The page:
If you don’t have a good tree base to work with, check out my previous post on making a tree armature.
I came up with this method of making swappable tree branches while designing this site. For this site, I wanted the moving tree branches to change to fit each season – bare branches for winter, buds for spring, green leaves for summer, and orange-red leaves for autumn. And since part of the fun of decorating a town is seeing how it changes seasonally, I knew I needed a way to incorporate that idea for my miniature trees.
I started by using a method similar to my Shrubs & Plants: Part 2. I used wire to shape out a branch, and coiled it around my tree armature so it would be able to slide on and off – sort of like a cap.
I wrapped brown foil tape around the coil, wire, and even a little onto the tree armature for security. It took a couple wraps, but after this coil was securely covered, it became a custom-molded top for that part of the armature.
With my removable branch cap in place, I started adding bits of wire covered with floral tape to the main system. I do this by weaving a piece of floral tape around the two wires in a figure 8 pattern, then wrapping it around the base a few times until it feels secure.
I switched to green for some of the smaller ones, since I was doing this set for summer and knew I would have green leaves attached to it. I figured it would help the leaves blend together for a fuller look.
I kept going until I felt like the section was complete. At this point, I was able to shape the branches around the tree to mimic a more natural growing pattern. This tree was modeled after a giant, old maple tree in my yard.
Once I had this section of the branches in place, I started attaching paper leaves to the branches with floral tape. Plastic and fabric leaves would also work.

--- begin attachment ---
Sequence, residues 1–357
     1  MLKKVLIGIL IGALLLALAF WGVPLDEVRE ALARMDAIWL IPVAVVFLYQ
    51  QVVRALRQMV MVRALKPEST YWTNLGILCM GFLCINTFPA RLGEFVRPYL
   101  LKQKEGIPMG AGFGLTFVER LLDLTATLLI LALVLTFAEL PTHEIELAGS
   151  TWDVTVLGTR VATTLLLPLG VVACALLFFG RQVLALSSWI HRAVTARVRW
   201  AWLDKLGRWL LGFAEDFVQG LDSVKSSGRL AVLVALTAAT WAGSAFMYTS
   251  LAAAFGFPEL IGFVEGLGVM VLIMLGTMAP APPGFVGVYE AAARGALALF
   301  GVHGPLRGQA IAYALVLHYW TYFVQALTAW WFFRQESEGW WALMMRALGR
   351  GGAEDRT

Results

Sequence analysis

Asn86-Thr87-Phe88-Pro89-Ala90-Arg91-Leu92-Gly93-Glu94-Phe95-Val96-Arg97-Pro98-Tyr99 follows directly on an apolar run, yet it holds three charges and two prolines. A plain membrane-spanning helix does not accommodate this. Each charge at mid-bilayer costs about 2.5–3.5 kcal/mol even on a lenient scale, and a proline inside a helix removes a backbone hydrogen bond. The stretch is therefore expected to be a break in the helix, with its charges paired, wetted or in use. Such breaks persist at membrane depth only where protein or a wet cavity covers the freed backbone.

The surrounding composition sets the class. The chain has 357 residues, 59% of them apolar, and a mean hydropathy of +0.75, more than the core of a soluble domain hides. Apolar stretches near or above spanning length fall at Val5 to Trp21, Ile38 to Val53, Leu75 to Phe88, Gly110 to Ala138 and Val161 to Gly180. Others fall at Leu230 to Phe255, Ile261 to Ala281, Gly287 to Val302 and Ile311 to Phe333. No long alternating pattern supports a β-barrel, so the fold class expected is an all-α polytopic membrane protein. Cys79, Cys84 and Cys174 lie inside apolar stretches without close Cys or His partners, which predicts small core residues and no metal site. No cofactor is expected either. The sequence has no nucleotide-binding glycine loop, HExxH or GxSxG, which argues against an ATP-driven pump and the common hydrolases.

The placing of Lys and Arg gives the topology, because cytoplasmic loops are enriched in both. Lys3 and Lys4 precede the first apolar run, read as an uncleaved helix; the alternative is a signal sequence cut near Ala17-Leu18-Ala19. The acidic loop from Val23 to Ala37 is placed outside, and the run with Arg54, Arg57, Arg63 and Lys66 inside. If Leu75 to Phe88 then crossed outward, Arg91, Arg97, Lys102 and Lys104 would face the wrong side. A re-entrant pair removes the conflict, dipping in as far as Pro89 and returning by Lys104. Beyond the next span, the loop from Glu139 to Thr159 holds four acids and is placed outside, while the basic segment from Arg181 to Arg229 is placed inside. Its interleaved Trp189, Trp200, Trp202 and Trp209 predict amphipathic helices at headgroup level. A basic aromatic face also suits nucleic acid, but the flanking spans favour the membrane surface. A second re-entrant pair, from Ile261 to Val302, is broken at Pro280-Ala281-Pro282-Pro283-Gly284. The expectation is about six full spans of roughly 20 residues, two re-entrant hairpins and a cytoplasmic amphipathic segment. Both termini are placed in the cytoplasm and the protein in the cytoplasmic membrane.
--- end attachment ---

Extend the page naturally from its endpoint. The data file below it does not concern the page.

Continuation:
Floral tape has a little stickiness to it, so it was able to hold everything together without additional glue. If you are having trouble getting leaves to stick, pinch the tape to the leaf with your fingernails to get a good adhesion.
I removed the branch bunch from the armature to work on it, but I kept putting it back on to make sure the sections were looking full. When a branch bunch was complete, I would leave it on the armature so I could form the next branch bunch around it. Here you can see several branch bunches in progress: some are done, some have just the wire and no leaves, and some haven’t even been started yet.
Once all the branches are looking full, rotate the tree around a few times to make little tweaks. I take pictures of mine at all angles, so I had to make sure it looked consistent all the way around.
For now, I have made three different versions of swappable branches for each tree in my town. I have one for summer, one for fall, and one bare one for winter. I figured I could attach buds and flowers to the summer one for my spring look, and be able to use that set for both seasons.
Since I have several trees and several sets of branches, I painted the armature tips each a different color of the rainbow. Then, I painted the inside of each branch cap to match which part of the tree it fits. You can’t see the colors when the branch bunches are on, but it helps immensely when it is time to swap them all out.